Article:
Game Review: “Burnout: Paradise”

As I mentioned in my most recent Weekly Update, I finally broke down and bought an Xbox 360. Since the games and the console were both ridiculously expensive, I was only able to buy two games. One of them was Burnout: Paradise.

The game is visually stunning. Compared to some of my previous racing game experiences, playing Burnout is like having undiagnosed myopia for ten years and then suddenly getting glasses. Everything is pretty and bright and shiny. But that’s not the reason I bought Burnout. I am and have always been a fanatic for racing games with an awesome damage model, and in that regard, Burnout is the game I’ve been looking for since I first played Rush on the Nintendo 64 back in the late ’90s. If you run into an obstacle with sufficient force, the game cuts to slow-motion and places the cameral optimally while you watch your car crumple and twist (dynamically! That’s right, the impact determines the damage, and no impact is the same as any other. Like I said, I’ve been waiting for this for a long time) and eventually crunch to a halt in a shower of wheels and metal fragments. And since every street is lined with pylons and buildings and populated by slow-driving idiots, you’ll experience a lot of these beautiful, cinematic crashes. At times, it does wear a little thin, but that doesn’t happen as often as you might think.

The game has a few different kinds of event you can participate in. There’s the standard race — which (and Yahtzee, curmudgeonly bastard though he is, got it completely right in his review) is rendered almost intolerable by having to plan your own route using your minimap — and then there are other events like Marked Man (escape from the cars that are trying to kill you) and Stunt (do a bunch of random tricks to build up points), and my personal favorite, Road Rage, which demands that you do what I’m best at: make other people crash before they crash you.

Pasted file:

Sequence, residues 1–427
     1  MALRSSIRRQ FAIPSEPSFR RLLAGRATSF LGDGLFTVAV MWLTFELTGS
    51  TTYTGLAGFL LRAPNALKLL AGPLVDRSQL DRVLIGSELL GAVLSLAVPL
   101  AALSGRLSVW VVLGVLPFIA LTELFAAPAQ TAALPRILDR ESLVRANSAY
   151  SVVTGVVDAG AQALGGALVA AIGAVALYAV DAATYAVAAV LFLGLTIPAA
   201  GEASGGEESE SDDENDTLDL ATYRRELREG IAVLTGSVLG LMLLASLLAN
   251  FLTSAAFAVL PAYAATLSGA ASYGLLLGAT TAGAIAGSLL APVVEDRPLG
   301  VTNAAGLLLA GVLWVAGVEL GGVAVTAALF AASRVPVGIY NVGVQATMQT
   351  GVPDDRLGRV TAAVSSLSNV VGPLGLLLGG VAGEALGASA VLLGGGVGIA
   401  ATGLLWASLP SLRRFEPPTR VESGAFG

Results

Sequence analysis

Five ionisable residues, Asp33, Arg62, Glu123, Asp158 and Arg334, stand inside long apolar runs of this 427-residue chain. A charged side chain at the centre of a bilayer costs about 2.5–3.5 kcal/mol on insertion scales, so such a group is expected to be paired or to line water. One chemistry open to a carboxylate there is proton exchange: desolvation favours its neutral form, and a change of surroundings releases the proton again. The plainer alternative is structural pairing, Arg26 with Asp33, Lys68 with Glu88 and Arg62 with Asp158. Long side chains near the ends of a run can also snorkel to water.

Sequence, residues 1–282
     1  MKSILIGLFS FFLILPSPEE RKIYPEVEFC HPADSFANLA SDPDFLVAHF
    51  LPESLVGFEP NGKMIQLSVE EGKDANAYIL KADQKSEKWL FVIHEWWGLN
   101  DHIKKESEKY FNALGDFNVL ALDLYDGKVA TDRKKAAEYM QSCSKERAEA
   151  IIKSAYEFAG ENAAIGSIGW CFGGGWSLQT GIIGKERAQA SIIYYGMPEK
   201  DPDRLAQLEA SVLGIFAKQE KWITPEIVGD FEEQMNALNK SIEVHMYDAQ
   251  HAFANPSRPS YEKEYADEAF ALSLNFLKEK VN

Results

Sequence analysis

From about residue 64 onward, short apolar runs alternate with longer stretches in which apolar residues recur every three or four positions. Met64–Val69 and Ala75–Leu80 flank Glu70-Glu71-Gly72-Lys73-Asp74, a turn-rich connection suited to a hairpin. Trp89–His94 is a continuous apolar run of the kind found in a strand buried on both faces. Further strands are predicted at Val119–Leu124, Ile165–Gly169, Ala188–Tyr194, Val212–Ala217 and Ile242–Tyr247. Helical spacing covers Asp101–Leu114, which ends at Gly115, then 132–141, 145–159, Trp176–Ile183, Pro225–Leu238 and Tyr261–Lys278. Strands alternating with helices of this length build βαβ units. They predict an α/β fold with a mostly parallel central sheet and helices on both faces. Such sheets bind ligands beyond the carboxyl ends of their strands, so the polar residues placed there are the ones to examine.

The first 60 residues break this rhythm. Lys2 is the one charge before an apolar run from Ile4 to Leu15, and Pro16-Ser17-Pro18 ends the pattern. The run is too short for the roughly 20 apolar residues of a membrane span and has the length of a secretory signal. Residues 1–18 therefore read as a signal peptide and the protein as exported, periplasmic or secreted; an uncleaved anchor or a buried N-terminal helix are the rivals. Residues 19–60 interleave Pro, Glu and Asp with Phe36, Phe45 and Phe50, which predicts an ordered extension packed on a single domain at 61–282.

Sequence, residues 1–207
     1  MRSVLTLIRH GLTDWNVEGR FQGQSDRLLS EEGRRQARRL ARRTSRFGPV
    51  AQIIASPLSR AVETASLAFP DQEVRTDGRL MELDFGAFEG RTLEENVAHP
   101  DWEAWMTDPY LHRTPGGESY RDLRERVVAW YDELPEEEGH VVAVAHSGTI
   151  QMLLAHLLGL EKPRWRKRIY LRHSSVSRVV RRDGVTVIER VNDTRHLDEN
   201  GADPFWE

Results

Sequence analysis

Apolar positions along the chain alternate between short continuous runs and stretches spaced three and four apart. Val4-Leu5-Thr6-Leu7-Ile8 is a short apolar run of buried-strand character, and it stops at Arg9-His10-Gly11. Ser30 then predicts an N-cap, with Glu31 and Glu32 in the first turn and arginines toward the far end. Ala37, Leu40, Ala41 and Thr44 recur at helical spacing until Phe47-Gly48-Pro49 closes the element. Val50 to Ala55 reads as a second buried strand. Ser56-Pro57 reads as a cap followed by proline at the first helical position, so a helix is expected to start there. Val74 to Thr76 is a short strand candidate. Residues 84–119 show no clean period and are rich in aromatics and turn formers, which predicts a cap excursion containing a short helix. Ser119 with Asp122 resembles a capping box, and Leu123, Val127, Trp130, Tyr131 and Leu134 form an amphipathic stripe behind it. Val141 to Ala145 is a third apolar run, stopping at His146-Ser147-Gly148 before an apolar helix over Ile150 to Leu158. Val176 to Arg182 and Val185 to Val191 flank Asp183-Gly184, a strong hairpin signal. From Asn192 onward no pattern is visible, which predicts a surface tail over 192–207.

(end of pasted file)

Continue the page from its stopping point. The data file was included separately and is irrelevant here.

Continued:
All in all, Burnout is a very amusing game, and good when you just want to be viscerally entertained. However, it has problems. For one thing, although the crash physics is incredible, the actual driving physics is clunky and feels unrealistic. And speaking of crashes, you have the cinematic ones so often that your little physics-inaccurate fender-benders are yawnworthy and annoying by comparison. And, speaking of annoying (I promise I won’t stick another “and speaking of” on the end of this one), the music is largely rubbish, and there’s a yappy, snide prick of a DJ called Atomica (who you have to imagine walks around wearing a pop-collared pink polo shirt) who only occasionally says anything even mildly useful.

Aside from that, though, Burnout is fairly awesome. If you’re not a complete simulation freak (or if you’re like me, and can turn off that part of your brain when needed) and can tolerate some inaccuracy and clumsiness, it’s a fun game, and the cinematics alone might be worth it (may I be struck down if I ever say that again).